Another output of the procedure was the estimation of the absolute tilt of the laser beam with respect to the z axis (∼ 50 mrad) and the relative tilt with respect to the FOV axis (∼ 0.3 mrad). Such values are fundamental to model the dependency of the signal from the system geometry.
The presented methodology was tested to obtain an optimized laser-telescope configuration starting from a non-optimized one. The mapping procedure diagnosed an out-of-focus image and identified the correct z position. As a result, the signal intensity increased in the whole channel 1 profile with respect to the previous configuration. The effectiveness of the procedure was verified comparing the results of a telecover test before and after the alignment. The new configuration resulted in a lower full overlap height (from 1500 m to less than 1000 m).
Once an optimized position has been selected and verified, a laser beam mapping with the purpose of estimating the overlap function was performed. The retrieved function was compared to the ones modelled using as input the parameters obtained from the procedure showing good agreement. Correcting the lidar profiles of channel 1 with this function allows extending the useful range down to 200 m.
The developed mapping procedure will be applied to the remaining channels in order to characterize each transmitter–receiver combination. Based on the retrieved information it will be possible to define a set of configurations aimed to satisfy the different scientific objectives (e.g. PBL, upper troposphere–lower stratosphere). A simplified mapping procedure can be used to complement the standard EARLINET quality assurance tests. For example, a protocol coupling telecover test and mapping session are currently implemented in the RMR system. Monthly mappings are performed to monitor and optimize the alignment and to estimate the overlap function, whereas periodically required telecover tests (e.g. 1–2 times per year) check and attest the obtained alignment and identify the minimum height with full overlap.
Besides the applications presented in this study, a similar approach could be adapted also to lidar systems with different hardware capabilities to provide essential information about their transmitter–receiver geometry that is needed for a complete characterization of the received signal.
The lidar photon-counting data range was corrected for trigger delay relatively to the analogue data range using the following procedure. Assuming a linear relation between photon-counting and analogue data (i.e. no saturation) and after correcting the latter for voltage offset and dividing it by the proportionality constant between the two, it is possible to write the following equations:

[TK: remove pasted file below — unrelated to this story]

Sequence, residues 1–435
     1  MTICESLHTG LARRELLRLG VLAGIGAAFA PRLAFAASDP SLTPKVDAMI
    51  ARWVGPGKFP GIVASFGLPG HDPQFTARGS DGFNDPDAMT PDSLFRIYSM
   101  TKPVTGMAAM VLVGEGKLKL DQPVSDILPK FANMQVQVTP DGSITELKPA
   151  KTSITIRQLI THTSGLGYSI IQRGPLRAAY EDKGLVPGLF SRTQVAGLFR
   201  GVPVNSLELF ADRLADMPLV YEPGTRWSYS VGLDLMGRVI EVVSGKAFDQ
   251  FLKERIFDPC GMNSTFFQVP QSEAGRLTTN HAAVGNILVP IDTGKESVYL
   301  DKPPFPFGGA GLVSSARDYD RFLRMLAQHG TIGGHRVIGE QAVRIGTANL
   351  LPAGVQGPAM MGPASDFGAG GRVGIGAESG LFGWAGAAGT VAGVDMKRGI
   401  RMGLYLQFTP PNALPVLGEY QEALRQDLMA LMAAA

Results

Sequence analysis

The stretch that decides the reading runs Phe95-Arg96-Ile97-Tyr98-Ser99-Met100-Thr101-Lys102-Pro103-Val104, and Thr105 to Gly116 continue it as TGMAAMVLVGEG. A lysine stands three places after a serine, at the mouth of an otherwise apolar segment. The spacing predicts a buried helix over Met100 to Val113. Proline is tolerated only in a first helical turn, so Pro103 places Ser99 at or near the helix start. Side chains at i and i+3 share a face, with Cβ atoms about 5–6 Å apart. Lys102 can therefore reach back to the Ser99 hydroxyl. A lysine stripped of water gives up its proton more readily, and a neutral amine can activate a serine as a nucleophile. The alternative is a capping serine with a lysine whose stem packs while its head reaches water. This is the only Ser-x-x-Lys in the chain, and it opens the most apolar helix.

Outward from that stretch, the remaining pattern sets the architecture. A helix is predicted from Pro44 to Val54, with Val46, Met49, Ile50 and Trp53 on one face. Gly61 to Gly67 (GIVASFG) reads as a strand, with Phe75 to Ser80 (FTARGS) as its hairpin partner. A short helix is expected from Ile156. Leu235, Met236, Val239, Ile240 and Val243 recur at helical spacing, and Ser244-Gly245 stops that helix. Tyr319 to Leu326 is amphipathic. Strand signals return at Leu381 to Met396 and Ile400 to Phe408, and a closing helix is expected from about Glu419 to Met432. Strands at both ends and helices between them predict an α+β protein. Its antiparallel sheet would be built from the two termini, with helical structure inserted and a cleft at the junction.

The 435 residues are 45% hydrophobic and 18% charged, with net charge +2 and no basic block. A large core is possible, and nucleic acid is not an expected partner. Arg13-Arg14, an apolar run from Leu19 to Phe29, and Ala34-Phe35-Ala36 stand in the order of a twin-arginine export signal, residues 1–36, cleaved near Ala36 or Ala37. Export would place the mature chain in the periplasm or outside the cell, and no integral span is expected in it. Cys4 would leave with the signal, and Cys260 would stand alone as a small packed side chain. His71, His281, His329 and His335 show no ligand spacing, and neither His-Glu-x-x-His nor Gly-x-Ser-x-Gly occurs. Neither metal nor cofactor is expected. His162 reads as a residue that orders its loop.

where A is the corrected analogue signal, PC is the photon-counting signal, f(R) is a function encompassing all the lidar equation terms apart from the inverse square law, and Δ is the spatial delay between analogue and photon-counting sampling ranges.
For low R a limited dependence of the function f on R variations with respect to the inverse square law can be assumed. This is true especially for the first bins where limited or no overlap is present and most of the signal comes from laser secondary reflections and multiple scattering:
Under this assumption, the ratio of the analogue and photocounting signals is
from which it is possible to derive the difference Δ as a function of R:
Figure A1a depicts the retrieved spatial delay computed with Eq. (A5) using laser mapping data from Sect. 4.3. The assumptions hold for the first two bins from which a delay of ∼ 25 m can be derived using an average value. For higher ranges, the overlap function dependency from R begins to be relevant, preventing the computation of the delay (i.e. the assumption in Eq. (A3) is not valid anymore). This dependency is not definite and partially randomized due to the variable emitting geometry and resulting overlap function of the mapping lidar profiles. Once a delay is retrieved the ratio can be plotted and compared with the range function ( (Fig. A1b). As shown in Fig. A1b, the computed range function represents the normalized ratio well.
Code and data are available upon request by contacting the authors.
MDP, GLL, and DD conceived the concept of this study. MDP, GLL, and DD performed the lidar measurements. MDP developed the presented methods, processed the data, and carried out the analysis. MDP, GLL, and DD contributed to the interpretation, the validation, and the visualization of the results. MDP wrote the original draft with input from all other co-authors. All co-authors provided the review and the editing of the paper.
The contact author has declared that neither they nor their co-author has any competing interests.
Publisher’s note: Copernicus Publications remains neutral with regard to jurisdictional claims in published maps and institutional affiliations.
We acknowledge Sara Piermarini and Roberto Massimo Leonardi for the development of the first versions of the motor control software. We also acknowledge Raffaello Foldes for his contribution in the early development of the mapping procedure. We thank Francesco Cardillo for the help in performing lidar measurements.
This paper was edited by Simone Lolli and reviewed by two anonymous referees.